The Coming Storm , by Bob Reiss

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Topic classification : environmental science - greenhouse gases - global warming -
international scientific organizations - government policies

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The Coming Storm by Bob Reiss

Hardcover - 320 pages
First Edition, September 2001
Published by Hyperion
ISBN 0-7868-6665-9 / 0786866659

            Bob Reiss has succeeded in writing the very best book about global warming as a public issue, that is, focusing on the collaboration among international scientific associations, and the problems involved in persuading the political and industrial planners abound the globe to support treaties and research programs.

The Coming Storm , by Bob Reiss - Hardcover Nonfiction

            However, this is not a source book about the atmospheric chemical process of global warming. It does not explain the physical interactions of carbox dioxide, sunlight, ozone, etc. It is best viewed, therefore, as a book about public policy making, the economic pressures exerted on politicians around the world, and the ways in which scientists from various countries try to rise above politics when they collaborate.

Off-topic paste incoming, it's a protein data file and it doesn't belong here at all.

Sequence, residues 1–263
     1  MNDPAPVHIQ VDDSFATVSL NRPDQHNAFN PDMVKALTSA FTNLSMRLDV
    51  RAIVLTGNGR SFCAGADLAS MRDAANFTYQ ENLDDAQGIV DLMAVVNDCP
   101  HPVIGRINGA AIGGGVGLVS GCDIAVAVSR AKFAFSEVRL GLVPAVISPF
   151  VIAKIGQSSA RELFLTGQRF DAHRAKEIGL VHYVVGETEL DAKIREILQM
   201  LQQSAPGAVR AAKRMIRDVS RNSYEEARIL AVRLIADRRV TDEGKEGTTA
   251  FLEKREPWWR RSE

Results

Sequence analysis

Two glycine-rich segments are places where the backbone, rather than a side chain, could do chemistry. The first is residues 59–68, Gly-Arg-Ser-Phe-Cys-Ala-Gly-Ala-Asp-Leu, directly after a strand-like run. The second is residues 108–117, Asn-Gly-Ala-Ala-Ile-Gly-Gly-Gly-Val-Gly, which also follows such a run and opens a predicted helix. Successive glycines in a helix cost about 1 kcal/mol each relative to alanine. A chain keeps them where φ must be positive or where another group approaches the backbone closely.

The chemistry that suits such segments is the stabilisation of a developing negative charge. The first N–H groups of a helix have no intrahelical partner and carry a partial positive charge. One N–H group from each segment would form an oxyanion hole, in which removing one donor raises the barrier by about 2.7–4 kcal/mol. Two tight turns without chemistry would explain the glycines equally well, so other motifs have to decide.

The book is nonfiction but reads like a novel, for example, it says:

"Early in the morning of April 16, 1998, a day that anyone living in Nashville, Tennessee at the time will never forget, a 52-year-old meteorologist named Bobby Boyd steered his Ford Takoma pickup through light dawn drizzle, along Shady Trail Road...." [page 1]

            Additionally, many scenes are presented in the form of dialogue. The book is recommended to readers who enjoy the storytelling style throughout. It is for readers who want to learn about the personal experience of being there, trying to be effective in saving the planet's environment, despite the spectrum of competing interests among bureaucracies. It is not for readers looking for the just-the-facts format in books about science and public issues, nor is it for chemistry or biology students seeking a study guide about the process of global warming.